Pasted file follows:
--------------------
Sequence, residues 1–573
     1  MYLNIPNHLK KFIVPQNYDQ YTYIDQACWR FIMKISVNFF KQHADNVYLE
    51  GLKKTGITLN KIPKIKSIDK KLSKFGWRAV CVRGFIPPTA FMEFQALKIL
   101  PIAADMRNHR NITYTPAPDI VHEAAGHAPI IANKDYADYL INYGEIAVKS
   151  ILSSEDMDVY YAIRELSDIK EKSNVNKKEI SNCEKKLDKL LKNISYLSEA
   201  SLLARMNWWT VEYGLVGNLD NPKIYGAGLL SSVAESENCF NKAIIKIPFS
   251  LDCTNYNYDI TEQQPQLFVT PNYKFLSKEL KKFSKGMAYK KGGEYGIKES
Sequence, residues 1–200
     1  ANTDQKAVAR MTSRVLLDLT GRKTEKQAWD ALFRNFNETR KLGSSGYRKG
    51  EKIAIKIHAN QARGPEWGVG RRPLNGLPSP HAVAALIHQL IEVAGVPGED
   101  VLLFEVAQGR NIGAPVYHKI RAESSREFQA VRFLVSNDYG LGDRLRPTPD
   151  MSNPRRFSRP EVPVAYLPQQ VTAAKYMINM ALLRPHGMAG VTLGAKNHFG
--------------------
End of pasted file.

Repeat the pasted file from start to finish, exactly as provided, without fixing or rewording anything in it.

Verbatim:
Sequence, residues 1–573
     1  MYLNIPNHLK KFIVPQNYDQ YTYIDQACWR FIMKISVNFF KQHADNVYLE
    51  GLKKTGITLN KIPKIKSIDK KLSKFGWRAV CVRGFIPPTA FMEFQALKIL
   101  PIAADMRNHR NITYTPAPDI VHEAAGHAPI IANKDYADYL INYGEIAVKS
   151  ILSSEDMDVY YAIRELSDIK EKSNVNKKEI SNCEKKLDKL LKNISYLSEA
   201  SLLARMNWWT VEYGLVGNLD NPKIYGAGLL SSVAESENCF NKAIIKIPFS
   251  LDCTNYNYDI TEQQPQLFVT PNYKFLSKEL KKFSKGMAYK KGGEYGIKES
Sequence, residues 1–200
     1  ANTDQKAVAR MTSRVLLDLT GRKTEKQAWD ALFRNFNETR KLGSSGYRKG
    51  EKIAIKIHAN QARGPEWGVG RRPLNGLPSP HAVAALIHQL IEVAGVPGED
   101  VLLFEVAQGR NIGAPVYHKI RAESSREFQA VRFLVSNDYG LGDRLRPTPD
   151  MSNPRRFSRP EVPVAYLPQQ VTAAKYMINM ALLRPHGMAG VTLGAKNHFG